This proposal concerns the molecular and cellular mechanisms that determine synaptic connectivity in developing nervous systems. It focuses on a set of Drosophila neuronal cell surface/signal transduction proteins that we have been studying for many years: the transmembrane receptor tyrosine phosphatases (RPTPs). The six Drosophila RPTPs are central regulators of axon guidance and synaptogenesis. They have been extensively investigated using genetics, but we still known relatively little about the signaling pathways in which they function. This proposal is directed toward identification and characterization of components of these pathways.
Specific aims 1 and 2 concern new methods for identification of RPTP ligands and coreceptors. We have already defined a Ptp10D binding protein, Sas, using one of these methods, and will characterize Sas's roles in regulation of Ptp10D function in vivo. We have also shown that a signal from glia to neurons is required for axonal expression of a Ptp99A binding protein. We will follow up on these discoveries, and also continue our search for new binding proteins for four different RPTPs.
Specific aim 3 describes genetic screens for components of RPTP signaling pathways. We recently defined a remarkable and unique protein trafficking phenotype in embryos lacking both Type III RPTPs, Ptp10D and Ptp4E. Tracheal cells need to make new apical membrane in order to create the lumens of tracheal tubes. In the double mutant embryos, apical proteins accumulate in large intracellular vacuoles ("bubbles"). Basolateral proteins are localized normally. Our results show that EGFR, Rho family GTPases, and Rab GTPases are involved in generation of this phenotype. We suggest that it occurs because EGFR and Rho activites are upregulated when the RPTPs are absent. This shifts the balance between endocytosis and exocytosis, favoring accumulation of apical proteins in fused endocytic vesicles at the expense of the luminal surface. We will examine whether some of these pathway components are also used for regulation of axon guidance by these RPTPs. We will use the tracheal phenotype as the basis for F1 and F2 genetic screens to find new proteins in the RPTP signaling pathways, and will evaluate the functions of the genes we discover in both neurons and tracheae.
Specific aim 4 concerns a new method for identification of in vivo substrates of RPTPs. We will express "substrate trap" mutants of RPTPs in neurons and tracheae, purify tyrosine-phosphorylated proteins that associate with the traps, and identify these proteins by mass spectrometry. We will then characterize the roles of these putative substrates in the RPTP pathways using genetics, and reconstruct their phosphorylation and dephosphorylation in cell culture.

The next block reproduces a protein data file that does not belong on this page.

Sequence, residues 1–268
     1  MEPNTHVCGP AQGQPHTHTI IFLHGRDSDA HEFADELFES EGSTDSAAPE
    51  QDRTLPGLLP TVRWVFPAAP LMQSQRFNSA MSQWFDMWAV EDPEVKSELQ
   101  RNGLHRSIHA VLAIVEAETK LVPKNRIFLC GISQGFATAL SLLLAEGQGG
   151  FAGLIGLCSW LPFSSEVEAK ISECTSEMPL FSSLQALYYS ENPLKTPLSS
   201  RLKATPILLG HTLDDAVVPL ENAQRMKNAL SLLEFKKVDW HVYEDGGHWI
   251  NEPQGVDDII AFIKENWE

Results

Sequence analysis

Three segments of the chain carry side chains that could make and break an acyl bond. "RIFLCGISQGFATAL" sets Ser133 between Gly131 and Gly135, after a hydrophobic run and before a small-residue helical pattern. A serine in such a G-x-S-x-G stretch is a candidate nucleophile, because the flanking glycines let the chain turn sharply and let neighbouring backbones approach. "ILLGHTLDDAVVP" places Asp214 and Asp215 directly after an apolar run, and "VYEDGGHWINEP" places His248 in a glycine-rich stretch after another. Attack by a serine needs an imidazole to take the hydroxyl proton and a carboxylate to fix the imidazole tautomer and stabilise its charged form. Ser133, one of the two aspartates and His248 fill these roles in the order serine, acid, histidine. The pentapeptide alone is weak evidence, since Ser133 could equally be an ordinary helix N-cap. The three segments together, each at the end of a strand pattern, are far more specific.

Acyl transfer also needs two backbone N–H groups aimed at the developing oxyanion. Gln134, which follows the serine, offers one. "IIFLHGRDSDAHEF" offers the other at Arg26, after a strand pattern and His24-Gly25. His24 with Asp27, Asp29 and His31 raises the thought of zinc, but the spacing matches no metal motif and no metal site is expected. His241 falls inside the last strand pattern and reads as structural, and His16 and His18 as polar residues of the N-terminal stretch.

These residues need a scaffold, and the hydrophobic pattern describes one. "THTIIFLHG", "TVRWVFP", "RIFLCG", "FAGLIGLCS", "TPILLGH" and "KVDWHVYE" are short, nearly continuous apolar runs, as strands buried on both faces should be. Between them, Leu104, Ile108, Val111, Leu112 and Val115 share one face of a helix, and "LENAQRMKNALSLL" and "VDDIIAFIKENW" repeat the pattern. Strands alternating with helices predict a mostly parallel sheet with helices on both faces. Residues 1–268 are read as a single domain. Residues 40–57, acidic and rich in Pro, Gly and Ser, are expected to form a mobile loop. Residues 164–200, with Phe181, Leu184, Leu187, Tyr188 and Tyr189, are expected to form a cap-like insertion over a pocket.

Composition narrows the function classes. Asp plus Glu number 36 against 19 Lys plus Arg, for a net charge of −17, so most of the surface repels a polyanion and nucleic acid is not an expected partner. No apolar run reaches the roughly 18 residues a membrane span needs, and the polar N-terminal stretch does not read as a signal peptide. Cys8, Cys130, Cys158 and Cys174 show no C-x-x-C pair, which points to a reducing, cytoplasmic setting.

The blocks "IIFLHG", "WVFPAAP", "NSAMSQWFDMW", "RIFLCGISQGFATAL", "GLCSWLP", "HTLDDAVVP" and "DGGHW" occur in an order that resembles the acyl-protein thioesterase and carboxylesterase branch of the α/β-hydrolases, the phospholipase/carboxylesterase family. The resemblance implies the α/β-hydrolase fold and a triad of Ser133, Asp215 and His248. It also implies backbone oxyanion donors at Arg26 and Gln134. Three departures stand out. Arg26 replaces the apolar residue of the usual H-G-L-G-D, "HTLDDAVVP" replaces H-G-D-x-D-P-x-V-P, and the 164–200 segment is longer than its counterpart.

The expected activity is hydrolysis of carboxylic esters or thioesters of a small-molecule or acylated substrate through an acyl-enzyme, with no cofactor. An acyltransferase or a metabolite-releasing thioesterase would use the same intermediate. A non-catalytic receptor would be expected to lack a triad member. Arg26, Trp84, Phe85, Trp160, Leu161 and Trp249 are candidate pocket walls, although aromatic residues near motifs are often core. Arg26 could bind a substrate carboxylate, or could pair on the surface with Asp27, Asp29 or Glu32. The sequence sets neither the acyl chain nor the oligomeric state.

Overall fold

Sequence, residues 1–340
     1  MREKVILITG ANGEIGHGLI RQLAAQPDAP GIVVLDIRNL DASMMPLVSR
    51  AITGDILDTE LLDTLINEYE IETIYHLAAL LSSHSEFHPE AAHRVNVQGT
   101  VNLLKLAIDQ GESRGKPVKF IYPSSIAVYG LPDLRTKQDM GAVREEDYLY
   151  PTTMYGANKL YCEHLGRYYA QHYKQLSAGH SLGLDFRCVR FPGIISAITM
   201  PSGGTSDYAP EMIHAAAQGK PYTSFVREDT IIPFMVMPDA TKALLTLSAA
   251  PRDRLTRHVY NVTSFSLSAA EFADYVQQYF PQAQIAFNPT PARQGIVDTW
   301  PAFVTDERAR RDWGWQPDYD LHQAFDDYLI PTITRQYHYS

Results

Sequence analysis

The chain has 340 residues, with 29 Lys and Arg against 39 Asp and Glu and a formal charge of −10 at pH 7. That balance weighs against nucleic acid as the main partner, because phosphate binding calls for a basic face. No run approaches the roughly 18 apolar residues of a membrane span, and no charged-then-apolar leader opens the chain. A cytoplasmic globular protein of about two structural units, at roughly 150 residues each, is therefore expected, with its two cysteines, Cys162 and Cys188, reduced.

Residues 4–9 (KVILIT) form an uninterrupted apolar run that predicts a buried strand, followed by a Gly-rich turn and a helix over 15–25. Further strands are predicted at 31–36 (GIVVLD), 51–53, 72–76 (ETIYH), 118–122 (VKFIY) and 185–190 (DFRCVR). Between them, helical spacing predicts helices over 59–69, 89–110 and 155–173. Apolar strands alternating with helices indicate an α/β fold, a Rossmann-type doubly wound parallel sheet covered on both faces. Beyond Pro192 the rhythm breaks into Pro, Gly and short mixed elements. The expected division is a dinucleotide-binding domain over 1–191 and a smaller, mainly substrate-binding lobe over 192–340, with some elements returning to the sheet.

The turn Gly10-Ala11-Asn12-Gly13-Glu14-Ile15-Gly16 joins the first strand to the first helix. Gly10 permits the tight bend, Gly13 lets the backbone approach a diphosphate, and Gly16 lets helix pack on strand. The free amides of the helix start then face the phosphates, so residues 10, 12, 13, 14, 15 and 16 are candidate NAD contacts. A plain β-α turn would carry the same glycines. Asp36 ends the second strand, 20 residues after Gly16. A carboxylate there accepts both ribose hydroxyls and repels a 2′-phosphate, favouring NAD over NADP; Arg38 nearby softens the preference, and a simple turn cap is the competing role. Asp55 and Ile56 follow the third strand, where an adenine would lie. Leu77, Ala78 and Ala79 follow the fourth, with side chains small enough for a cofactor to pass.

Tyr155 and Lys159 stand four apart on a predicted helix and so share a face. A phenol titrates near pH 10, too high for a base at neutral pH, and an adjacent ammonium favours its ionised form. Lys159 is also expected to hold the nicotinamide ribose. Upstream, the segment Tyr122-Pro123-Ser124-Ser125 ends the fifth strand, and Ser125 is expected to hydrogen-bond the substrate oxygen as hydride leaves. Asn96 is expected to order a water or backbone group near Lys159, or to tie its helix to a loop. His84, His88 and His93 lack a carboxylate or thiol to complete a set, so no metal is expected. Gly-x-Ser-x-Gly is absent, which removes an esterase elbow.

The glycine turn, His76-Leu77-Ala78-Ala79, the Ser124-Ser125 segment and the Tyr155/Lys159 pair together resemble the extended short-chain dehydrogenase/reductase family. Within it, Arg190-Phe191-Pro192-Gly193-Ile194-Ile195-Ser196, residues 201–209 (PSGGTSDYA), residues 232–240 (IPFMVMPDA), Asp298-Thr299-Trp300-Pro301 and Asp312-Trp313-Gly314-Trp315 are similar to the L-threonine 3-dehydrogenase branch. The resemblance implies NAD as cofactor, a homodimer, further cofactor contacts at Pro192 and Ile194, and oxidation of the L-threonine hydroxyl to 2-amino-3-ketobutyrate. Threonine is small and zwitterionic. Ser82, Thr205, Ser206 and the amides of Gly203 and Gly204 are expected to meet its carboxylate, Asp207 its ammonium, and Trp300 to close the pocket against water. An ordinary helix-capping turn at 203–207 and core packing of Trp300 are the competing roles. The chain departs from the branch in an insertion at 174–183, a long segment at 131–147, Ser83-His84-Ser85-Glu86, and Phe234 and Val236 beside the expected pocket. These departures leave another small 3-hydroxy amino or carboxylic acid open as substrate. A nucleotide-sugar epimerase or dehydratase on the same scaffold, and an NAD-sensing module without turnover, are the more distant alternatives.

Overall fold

Public Health Relevance

to human health: This is a basic research project to discover mechanisms involved in creation of neuronal circuits during development. Although the work is conducted in Drosophila, most of the genes we are studying have human counterparts. We hope to reveal general principles that will facilitate an understanding of how human brain wiring is controlled before and after birth. Knowledge about wiring mechanisms may help researchers to understand diseases in which neuronal connectivity patterns are altered. These include schizophrenia and autism.

Agency
National Institute of Health (NIH)
Institute
National Institute of Neurological Disorders and Stroke (NINDS)
Type
Research Project (R01)
Project #
5R01NS028182-24
Application #
8399723
Study Section
Neurodifferentiation, Plasticity, and Regeneration Study Section (NDPR)
Program Officer
Riddle, Robert D
Project Start
1990-01-01
Project End
2014-11-30
Budget Start
2012-12-01
Budget End
2014-11-30
Support Year
24
Fiscal Year
2013
Total Cost
$325,047
Indirect Cost
$118,175
Name
California Institute of Technology
Department
None
Type
Schools of Arts and Sciences
DUNS #
009584210
City
Pasadena
State
CA
Country
United States
Zip Code
91125
Lee, Hyung-Kook Peter; Cording, Amy; Vielmetter, Jost et al. (2013) Interactions between a receptor tyrosine phosphatase and a cell surface ligand regulate axon guidance and glial-neuronal communication. Neuron 78:813-26
Menon, Kaushiki P; Carrillo, Robert A; Zinn, Kai (2013) Development and plasticity of the Drosophila larval neuromuscular junction. Wiley Interdiscip Rev Dev Biol 2:647-70
Ozkan, Engin; Carrillo, Robert A; Eastman, Catharine L et al. (2013) An extracellular interactome of immunoglobulin and LRR proteins reveals receptor-ligand networks. Cell 154:228-39
Al-Anzi, Bader; Armand, Elena; Nagamei, Paul et al. (2010) The leucokinin pathway and its neurons regulate meal size in Drosophila. Curr Biol 20:969-78
Wright, Ashley P; Fox, A Nicole; Johnson, Karl G et al. (2010) Systematic screening of Drosophila deficiency mutations for embryonic phenotypes and orphan receptor ligands. PLoS One 5:e12288
Salazar, Anna M; Silverman, Edward J; Menon, Kaushiki P et al. (2010) Regulation of synaptic Pumilio function by an aggregation-prone domain. J Neurosci 30:515-22
Bugga, Lakshmi; Ratnaparkhi, Anuradha; Zinn, Kai (2009) The cell surface receptor Tartan is a potential in vivo substrate for the receptor tyrosine phosphatase Ptp52F. Mol Cell Biol 29:3390-400
Lee, Hyung-Kook Peter; Wright, Ashley P; Zinn, Kai (2009) Live dissection of Drosophila embryos: streamlined methods for screening mutant collections by antibody staining. J Vis Exp :
Lim, Angeline; Kraut, Rachel (2009) The Drosophila BEACH family protein, blue cheese, links lysosomal axon transport with motor neuron degeneration. J Neurosci 29:951-63
Jeon, Mili; Zinn, Kai (2009) Receptor tyrosine phosphatases control tracheal tube geometries through negative regulation of Egfr signaling. Development 136:3121-9

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